There is conventional wisdom for AFL players that once they hit 50 games their trajectory goes up, as they accumulate the experience to react to most football scenarios.
But what about AFL coaches? Does the graph look the same? Where is the point of a career where things accelerate for coaches?
Interviewed on AFL 360 last week, Stuart Dew — in his fifth season at the Gold Coast — spoke about the connection, the experience gained and the synergy between players who are hitting the 50-60-70 game mark.
Then Dew — currently on 93 games coached and out of contract at season’s end — was asked if he was confident he would get a renewal of his tenure at Carrara.
He replied that he was: “I feel … I’m a bit like the players, I’m getting towards that 80 to 100 game mark. I feel really comfortable in my own skin.”
But is he right? What is the turning point?
If we look at coaches from the recent past and present, can we make some predictions based on the first 50 games, games 80 to 100 or a different key period?
The classic path: Clarkson, Worsfold, Roos … Cameron
Alastair Clarkson is seen as the best coach of his generation and one of the best of all time, through his work at Hawthorn.
He won four flags, including a stunning grand final upset of the all-conquering Geelong in 2008 to kickstart his career. But his first 50 games were nothing huge — Clarkson won just 18 games in his first 50.
If you look at John Worsfold at West Coast, and Paul Roos at Sydney, there is a similar trajectory — even if they took over teams at different stages of the cycle.
Worsfold would win one premiership at West Coast after two as a player. He took over in 2002 with the Eagles coming off a five-win season.
He had a strong start, with 25 wins from his first 50 games and taking West Coast to finals in each of his first six seasons, including two grand finals.
Roos came in as Sydney’s caretaker coach following Rodney Eade’s resignation after round 12, 2002.
It was a Swans team six years removed from a grand final. Re-energised by the new coach, Sydney won 30 of Roos’s first 50 games, including a prelim final in his first full season.
Roos then won 20 of his next 30 games, leading to a grand final win.
Taking Clarkson, Worsfold and Roos as a trio, all three had 11 wins between games 51 and 69, and two had 10 wins, one loss from games 70 to 80 (Roos had nine).
The real turning point for these three came in this 11-game stretch — by game 80, all three were on their way to a first grand final (Clarkson game 93, Worsfold game 94, Roos game 84).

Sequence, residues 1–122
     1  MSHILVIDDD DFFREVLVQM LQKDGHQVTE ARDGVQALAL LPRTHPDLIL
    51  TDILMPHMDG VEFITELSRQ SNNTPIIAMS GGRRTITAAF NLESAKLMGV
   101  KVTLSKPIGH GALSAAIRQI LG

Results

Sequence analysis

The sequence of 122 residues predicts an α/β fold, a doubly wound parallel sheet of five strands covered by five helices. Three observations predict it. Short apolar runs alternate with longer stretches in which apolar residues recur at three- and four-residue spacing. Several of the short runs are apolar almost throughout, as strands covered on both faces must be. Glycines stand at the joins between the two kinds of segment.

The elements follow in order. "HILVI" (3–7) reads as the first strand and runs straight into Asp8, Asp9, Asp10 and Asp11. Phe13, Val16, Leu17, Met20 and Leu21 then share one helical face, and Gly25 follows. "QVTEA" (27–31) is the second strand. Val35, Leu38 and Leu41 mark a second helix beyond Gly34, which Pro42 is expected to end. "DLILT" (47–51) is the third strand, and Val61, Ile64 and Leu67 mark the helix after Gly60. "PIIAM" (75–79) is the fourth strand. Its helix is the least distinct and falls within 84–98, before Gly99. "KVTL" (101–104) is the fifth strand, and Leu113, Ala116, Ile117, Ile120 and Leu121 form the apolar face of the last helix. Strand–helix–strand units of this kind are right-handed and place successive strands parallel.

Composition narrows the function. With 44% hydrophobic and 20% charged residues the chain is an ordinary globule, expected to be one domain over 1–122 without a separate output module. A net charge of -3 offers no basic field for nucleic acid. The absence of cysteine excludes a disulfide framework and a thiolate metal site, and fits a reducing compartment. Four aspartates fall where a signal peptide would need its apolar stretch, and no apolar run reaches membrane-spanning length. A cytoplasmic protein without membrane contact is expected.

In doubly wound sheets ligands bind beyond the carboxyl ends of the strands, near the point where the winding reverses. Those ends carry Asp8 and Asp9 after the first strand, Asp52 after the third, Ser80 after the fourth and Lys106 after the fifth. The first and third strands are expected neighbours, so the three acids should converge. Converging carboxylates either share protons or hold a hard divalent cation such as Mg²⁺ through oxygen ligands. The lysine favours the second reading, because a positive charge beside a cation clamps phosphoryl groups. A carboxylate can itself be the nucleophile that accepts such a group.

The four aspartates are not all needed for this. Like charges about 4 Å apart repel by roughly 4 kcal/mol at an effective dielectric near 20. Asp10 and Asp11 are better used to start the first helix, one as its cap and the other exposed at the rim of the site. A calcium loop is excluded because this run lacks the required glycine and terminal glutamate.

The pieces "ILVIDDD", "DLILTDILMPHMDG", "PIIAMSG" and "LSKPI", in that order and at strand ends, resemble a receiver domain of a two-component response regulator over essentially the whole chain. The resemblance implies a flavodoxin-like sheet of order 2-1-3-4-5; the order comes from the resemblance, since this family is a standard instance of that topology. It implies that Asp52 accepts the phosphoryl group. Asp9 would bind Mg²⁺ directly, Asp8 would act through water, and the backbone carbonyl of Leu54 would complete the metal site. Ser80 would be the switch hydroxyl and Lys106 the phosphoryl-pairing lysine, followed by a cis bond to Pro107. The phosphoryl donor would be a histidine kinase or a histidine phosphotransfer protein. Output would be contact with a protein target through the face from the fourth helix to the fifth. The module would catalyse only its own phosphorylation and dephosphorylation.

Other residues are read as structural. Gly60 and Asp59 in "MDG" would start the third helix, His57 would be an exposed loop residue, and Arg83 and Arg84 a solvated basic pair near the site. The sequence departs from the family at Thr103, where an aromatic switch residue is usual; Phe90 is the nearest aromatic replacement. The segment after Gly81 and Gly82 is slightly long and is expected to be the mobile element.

The other name to mention is someone in a very different space, who inherited a third-year expansion team — Leon Cameron at GWS.
Cameron’s Giants struggled early, with eight and six-game losing streaks in year one, 2014. After that, however, his longest run of losses in his first 100 games was three — between rounds 11 and 14, 2015.
Cameron won 21 of his first 50 games but, as the accumulated draft talent of the Giants began to mature, he hit his acceleration point earlier. He won 13 of his next 19 — better than Clarkson, Worsfold and Roos — then had 9 wins out of 11 from 70-80.
Two prelims and a grand final resulted (in games 68, 93 and 143 respectively). Cameron would not win a flag with GWS, but he was in his 10th season when he left the club earlier this month.
One step forward, two back: Buckley, Hinkley, Pyke, Goodwin
There are other coaches who step into situations that are more solid, or have a fast start — only to then go backwards.
Nathan Buckley took over a premiership side in Collingwood from Mick Malthouse. He picked up 16 wins in his first home and away season, on the way to a prelim final.
The following season, the Pies lost in an elimination final and after 50 games, Buckley had 32 wins under his belt.
However, Collingwood missed finals in his third, fourth, fifth and sixth years as the pressure grew for the Pies’ favourite son.
Year seven was make or break and Collingwood made it, winning 15 games to finish top four, before reaching a grand final in Buckley’s game 162.
Ken Hinkley didn’t have a premiership side handed to him, but he made a great start at Alberton — he won 29 of his first 50, getting the Power to a prelim in year two. From there, he matched the likes of Clarkson, Roos and Worsfold with 11 wins between games 51 and 69, but then he just about broke even between 70 and 100.
A series of missed finals and eliminations followed until Hinkley and Port Adelaide got back to a prelim in his eighth year at the club.
On the other side of Adelaide, Don Pyke made a very fast start at the Crows, going 16-6 in his first season as his team made a semifinal. He backed up with a grand final (game 49), although the Crows hit a dead end against the Tigers.